8 Steps to Becoming a Better Sustainability Consultant

The SSC Team June 9, 2015 Tags: , , , , , , , , , , Strategic Sustainability Consulting No comments
By: Alexandra Kueller As I approach my one year anniversary at SSC, I’m amazed at not only how quickly the past year has flown by, but also with how much I learned the first 12 months on the job. I’ve come to learn how to craft a sustainability narrative for a company and what data to collect for carbon footprinting analysis. I’ve slowly (but surely) gotten better at client and project management. I’ve even gotten over my fear of attending conferences by myself! But none of what I’ve learned will be useful, unless I can take this new information and apply it to my long-term goals as a sustainability consultant. I recently came across an article by Jonathan Long featured on Entrepreneur called “8 Steps to Crushing Ridiculous Goals” that discussed how to achieve the goals you set for yourself, and it made me think about how I could apply these 8 steps to being a better sustainability consultant.

1. Master easy goals first

Any project can seem daunting when you join a new company in a field you’re just starting to understand. The first few months on the job I set small goals for myself, such as “get acquainted with the waste audit spreadsheets” or “understand how to use the sustainability reporting platform”. This helped me feel more at ease in my new role and help me gain confidence going forward.

2. Break ridiculous goals down into several smaller goals

One of the first big projects I had a chance to work on from the beginning was collecting data for a client’s annual sustainability report. It was very unnerving in the beginning, but once I broke everything down into a timeline, I was able to set smaller goals, which made the overall goal much more attainable.

3. Be prepared to push hard through the finish line

As much as it would be nice to leave your work at the office, it simply isn’t practical, and I very quickly learned that sustainability consulting is no different. There are certain times during a project that will require time outside of the office to complete or quick turnarounds late at night, and by anticipating when these busy periods are, I can then better manage my time both in and out of the office.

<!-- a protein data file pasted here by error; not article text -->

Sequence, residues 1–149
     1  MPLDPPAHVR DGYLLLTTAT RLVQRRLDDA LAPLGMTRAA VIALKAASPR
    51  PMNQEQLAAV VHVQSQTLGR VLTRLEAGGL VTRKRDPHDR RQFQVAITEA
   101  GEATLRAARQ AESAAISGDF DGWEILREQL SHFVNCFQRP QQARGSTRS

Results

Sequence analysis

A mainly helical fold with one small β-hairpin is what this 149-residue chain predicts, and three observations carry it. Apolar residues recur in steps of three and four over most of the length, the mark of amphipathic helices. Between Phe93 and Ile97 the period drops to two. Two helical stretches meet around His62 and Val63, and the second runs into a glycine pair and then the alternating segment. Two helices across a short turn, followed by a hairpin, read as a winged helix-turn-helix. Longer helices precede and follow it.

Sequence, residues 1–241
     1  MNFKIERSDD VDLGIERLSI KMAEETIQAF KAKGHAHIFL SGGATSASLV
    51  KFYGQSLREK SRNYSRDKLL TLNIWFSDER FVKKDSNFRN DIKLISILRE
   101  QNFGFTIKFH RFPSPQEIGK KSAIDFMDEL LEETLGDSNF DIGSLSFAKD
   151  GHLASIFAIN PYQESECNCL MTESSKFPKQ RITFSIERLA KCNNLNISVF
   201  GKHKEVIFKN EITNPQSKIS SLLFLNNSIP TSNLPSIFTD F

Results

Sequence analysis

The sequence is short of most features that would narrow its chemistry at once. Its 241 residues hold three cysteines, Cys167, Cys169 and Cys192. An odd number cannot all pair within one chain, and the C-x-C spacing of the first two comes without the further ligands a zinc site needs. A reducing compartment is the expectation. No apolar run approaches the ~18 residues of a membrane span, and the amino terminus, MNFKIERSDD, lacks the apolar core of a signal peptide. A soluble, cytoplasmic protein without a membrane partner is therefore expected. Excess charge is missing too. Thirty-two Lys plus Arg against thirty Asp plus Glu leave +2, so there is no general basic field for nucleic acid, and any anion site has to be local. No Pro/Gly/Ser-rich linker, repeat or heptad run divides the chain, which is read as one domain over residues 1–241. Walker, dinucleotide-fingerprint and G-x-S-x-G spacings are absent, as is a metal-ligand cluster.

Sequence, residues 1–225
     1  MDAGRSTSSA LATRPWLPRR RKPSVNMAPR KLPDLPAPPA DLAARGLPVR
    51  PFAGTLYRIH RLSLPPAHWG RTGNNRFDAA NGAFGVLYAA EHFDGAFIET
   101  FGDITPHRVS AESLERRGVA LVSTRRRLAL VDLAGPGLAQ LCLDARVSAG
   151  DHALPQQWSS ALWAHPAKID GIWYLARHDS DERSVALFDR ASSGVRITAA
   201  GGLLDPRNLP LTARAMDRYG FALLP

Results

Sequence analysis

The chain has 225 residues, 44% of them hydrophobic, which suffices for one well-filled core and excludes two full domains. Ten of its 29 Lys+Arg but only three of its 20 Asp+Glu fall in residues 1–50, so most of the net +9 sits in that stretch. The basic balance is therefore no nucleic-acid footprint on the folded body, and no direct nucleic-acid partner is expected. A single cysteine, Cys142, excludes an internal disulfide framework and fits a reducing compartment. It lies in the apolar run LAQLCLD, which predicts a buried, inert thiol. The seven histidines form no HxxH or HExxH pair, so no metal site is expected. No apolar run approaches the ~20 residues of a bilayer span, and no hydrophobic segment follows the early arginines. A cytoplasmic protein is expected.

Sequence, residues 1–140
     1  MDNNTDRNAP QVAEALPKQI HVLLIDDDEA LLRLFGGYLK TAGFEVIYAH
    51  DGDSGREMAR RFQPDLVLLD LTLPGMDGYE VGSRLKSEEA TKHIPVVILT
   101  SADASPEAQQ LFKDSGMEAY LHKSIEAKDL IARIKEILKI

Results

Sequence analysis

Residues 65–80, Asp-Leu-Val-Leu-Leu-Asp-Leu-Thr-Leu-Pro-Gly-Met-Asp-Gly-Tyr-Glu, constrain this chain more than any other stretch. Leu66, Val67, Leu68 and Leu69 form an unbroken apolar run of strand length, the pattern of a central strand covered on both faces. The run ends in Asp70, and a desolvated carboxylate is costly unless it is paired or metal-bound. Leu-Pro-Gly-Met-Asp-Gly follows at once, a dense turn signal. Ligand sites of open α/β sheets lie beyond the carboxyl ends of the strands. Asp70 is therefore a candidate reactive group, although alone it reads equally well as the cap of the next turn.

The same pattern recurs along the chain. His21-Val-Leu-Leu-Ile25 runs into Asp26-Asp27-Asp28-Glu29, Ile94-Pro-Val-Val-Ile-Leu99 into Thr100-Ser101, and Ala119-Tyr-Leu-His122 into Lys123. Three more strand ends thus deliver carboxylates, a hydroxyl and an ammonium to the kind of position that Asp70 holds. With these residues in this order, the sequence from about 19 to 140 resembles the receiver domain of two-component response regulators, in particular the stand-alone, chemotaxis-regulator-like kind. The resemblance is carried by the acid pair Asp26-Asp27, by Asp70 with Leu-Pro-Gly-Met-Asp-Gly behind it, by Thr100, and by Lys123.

4. Build a team of specialists around you

I’m lucky enough to work with some of the smartest and brightest people in the field. By surrounding myself with people who specialize in certain areas of sustainability consulting, I am able to learn so from them just by watching how they attack different projects.

5. Don’t stall or make excuses

Learning to juggle multiple client projects at once was an initial challenge, but I knew that I couldn’t make excuses for my shortcomings. I began to set weekly and daily deadlines for myself, and I eventually was able to better manage all my simultaneous projects.

6. Accept that failure is a possibility

When I was helping to write and edit one of my first sustainability reports, I was too nervous to write or change anything, because I didn’t want to fail. How would I ever be able to grow and learn from my experiences if I don’t take any chances? No one is perfect, and missing the mark on a project is inevitable for everyone.

7. Be prepared and willing to sacrifice

Projects pop last minute. It’s going to happen whether you can control it or not. And sometimes when this happened over the course of the past year, I’ve had to make some sacrifices. Yes, I was bummed I couldn’t go to dinner with my friends that one time, but a project had to be completed by the end of the day. Sacrifices will have to happen.

8. Don’t ever quit

Being a sustainability consultant isn’t always smooth sailing, but you can never give up. Simple enough. Find out how you can become a better sustainability leader in one of our latest blogs.

5 Habits That Might Be Stunting Your Sustainability Leadership

The SSC Team June 4, 2015 Tags: , , , , , , , , Strategic Sustainability Consulting No comments
By: Alexandra Kueller Sustainability is a broad term that can mean something different to each person you ask, and jobs that require sustainability leadership are no different. You might be a sustainability consultant, a CSO, head of a sustainability team, or even someone in marketing who got dumped with the task of sustainability. Each of these people will attack sustainability in a different way, but they all need good sustainability leadership. And no matter what your profession is, leadership will always be necessary. Larry Alton, wrote an article for Entrepreneur titled "5 Habits That Are Destroying Your Ability to Lead," took note and came up with a list of  bad habits leaders can acquire over time, and we decided to put our own sustainability spin on their list.

1. Isolating Yourself

It’s always tempting to go to your office, shut the door, and hammer away at a project. It can be an efficient way to get things done, right? While you might think you are just trying to be productive, you are also isolating yourself from your team members. You might be struggling to finish a carbon footprint, while trying to edit a sustainability report at the same time, but no one will know if you need help if you’re always cooped up in your office. Don’t be afraid to reach out when you need help, and be sure to keep your team members in the loop.

2. Setting Firm Direction

When it comes to sustainability, there is no “right way” to go about it. You might have a plan set for how you will report your company’s emissions data or have your 2020 goals set, but once you start moving forward, everything can change. It is easy to want to stick to what the original plan is, but don’t be stuck in the mud. Sustainability isn’t a linear path, and a good leader will know how to adapt.

3. Focusing on Day-to-Day Tasks

There are certain times of the year when sustainability professionals find themselves a bit busier than usual. It could be because you need to approve the final draft of your sustainability report and you need to make sure everything is perfect, or you could be completing a massive data collection process. Regardless of what you are doing, it becomes very easy to just focus on what needs to happen by the end of the day. The problem is that sustainability doesn’t end when a project does; sustainability is a long-term process. By only focusing on day-to-day tasks, you can lose sight on the long road ahead.